by KRYSTAL MCKENZIE
Running is not something people generally like to do, although we do recognise its benefits. Is it as simple as getting some new kicks and hitting the roads?
Mr DeVon Bean, director of athletics at the Bermuda National Athletic Association (BNAA) and personal trainer, provided great tips on how to get going.
“In order to get started, especially if you don’t like running, the first step is walking. I start most of my clients this way. I’ll give the same course, but walk, then jog, then run. The client gets to the point that they’re like ‘I can do this!’ And they start running almost on their own.”
When asked if running is hard on the knees, Mr Bean had a simple answer: Rubbish.
“Running is not the problem. Either the problem is that the person is overweight, you’ve injured your knees in another fashion, or your feet need support (orthotics). Running does not hurt your knees.”
One major action to be aware of is to change your shoes every two to three months if you’re a consistent runner as the shoe can lose its durability and stability over time.
Mr Bean emphasised, “running is one of those activities that keeps the body honest. You can’t fake running! However, this is the most basic movement for the human body and is very effective at engaging the whole body.”
Running and swimming have been identified as the ideal activities for the human body. Running obviously works your legs and arms, but your gluteal muscles and posterior chain – back and trunk – also benefit greatly from this kind of workout.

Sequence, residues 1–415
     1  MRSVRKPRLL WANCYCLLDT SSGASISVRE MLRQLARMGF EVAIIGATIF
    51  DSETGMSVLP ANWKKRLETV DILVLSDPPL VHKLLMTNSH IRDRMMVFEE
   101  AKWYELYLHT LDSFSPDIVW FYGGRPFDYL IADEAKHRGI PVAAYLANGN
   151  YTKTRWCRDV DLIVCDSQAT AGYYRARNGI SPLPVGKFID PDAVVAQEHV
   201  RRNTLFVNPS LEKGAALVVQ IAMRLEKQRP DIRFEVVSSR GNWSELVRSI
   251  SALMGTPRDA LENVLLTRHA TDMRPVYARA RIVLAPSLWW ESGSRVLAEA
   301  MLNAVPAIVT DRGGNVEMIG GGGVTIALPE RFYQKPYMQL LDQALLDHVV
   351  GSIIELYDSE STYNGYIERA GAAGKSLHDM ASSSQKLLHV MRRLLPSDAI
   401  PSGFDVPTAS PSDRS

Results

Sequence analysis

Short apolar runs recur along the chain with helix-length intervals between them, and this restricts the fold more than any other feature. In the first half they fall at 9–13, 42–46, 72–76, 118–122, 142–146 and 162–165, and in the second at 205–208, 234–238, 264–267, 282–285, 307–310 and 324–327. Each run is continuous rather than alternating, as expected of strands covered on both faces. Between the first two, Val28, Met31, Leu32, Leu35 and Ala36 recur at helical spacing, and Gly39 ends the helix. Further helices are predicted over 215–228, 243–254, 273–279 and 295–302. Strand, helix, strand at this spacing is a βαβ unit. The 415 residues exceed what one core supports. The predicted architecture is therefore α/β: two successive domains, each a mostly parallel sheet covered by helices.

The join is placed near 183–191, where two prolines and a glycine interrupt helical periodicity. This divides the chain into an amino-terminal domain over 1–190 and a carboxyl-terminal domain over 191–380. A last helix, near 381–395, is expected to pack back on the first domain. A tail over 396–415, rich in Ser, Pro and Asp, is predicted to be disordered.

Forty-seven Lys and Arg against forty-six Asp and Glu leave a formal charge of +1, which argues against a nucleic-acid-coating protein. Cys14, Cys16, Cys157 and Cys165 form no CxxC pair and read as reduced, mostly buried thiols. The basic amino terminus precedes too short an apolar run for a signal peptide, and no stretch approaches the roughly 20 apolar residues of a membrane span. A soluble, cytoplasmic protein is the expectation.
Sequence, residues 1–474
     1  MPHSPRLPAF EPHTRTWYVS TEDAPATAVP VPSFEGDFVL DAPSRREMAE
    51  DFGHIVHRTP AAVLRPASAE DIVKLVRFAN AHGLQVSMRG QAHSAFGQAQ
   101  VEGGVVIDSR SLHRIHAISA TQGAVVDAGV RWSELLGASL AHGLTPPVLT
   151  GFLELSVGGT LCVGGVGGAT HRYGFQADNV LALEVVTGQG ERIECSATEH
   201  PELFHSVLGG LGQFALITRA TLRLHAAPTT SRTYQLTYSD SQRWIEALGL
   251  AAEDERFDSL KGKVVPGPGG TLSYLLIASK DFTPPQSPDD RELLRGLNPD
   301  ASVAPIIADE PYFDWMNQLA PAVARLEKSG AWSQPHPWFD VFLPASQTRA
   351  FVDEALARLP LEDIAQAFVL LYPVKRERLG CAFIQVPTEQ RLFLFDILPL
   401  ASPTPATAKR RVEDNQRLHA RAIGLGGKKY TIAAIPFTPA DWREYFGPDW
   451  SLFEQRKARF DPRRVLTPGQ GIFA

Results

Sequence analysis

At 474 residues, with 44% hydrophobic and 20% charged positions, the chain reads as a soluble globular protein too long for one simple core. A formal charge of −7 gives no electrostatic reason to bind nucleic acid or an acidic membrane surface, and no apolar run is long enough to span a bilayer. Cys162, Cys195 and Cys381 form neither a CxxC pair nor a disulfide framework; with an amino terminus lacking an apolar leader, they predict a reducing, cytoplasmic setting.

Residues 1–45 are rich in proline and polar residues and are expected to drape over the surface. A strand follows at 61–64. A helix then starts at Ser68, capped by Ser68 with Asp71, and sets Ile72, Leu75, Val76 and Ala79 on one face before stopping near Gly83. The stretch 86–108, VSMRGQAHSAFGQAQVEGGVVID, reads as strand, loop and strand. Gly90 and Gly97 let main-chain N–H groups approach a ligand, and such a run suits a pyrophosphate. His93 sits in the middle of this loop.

“Most people who have lower back problems, I‘ll guarantee you that their glutes are weak,” he cited. “Strengthen them, and you’re on your way. When you look at most runners, they have a well-developed back – not just their bum, but legs, back, etc. Swinging your arms and adding in a strength programme is super beneficial.”
There are a lot of people doing personal training and coaching, so do your research and see if they have the experience and the capability to be a good coach.
“A good way to figure out an effective coach is to look at their clients,” he explained. “How are they performing? Are they tailor making the individual programmes, or do they have a blanket programme and expect everyone to be able to do the same thing?”
If you’re looking for local resources to get you started on your running journey, consider any of the athletic clubs like MAAC, which is the largest, the Swan’s running club, the BNAA, the Mid Island Striders, or even reaching out to well-known personalities such as Stephen Burgess, Larry Marshall and Tim Price.
Lastly, Mr Bean has some tips and reminders for new runners and experts:
For safety, don’t wear earphones. If you do wear them, keep them on low volume so you can be aware of what’s happening around you.
Run with a partner, especially ladies, in the morning or at night.
Be well lit and make sure your attire makes you visible.
Change your shoes often and find the shoes which work best for you.
Have monthly massage therapy.
Take regular ice baths for up to 10 minutes each at least every two weeks as it greatly helps with recovery.